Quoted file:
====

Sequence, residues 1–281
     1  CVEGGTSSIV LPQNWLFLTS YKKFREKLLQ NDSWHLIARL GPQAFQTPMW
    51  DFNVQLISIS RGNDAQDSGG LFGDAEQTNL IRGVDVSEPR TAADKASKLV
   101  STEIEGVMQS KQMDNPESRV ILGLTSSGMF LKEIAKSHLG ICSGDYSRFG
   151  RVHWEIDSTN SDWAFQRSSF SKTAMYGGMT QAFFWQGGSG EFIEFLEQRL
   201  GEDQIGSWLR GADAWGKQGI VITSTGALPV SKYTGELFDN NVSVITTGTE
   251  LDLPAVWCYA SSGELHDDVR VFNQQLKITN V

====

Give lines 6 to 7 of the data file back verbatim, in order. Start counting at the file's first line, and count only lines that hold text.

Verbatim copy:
   201  GEDQIGSWLR GADAWGKQGI VITSTGALPV SKYTGELFDN NVSVITTGTE
   251  LDLPAVWCYA SSGELHDDVR VFNQQLKITN V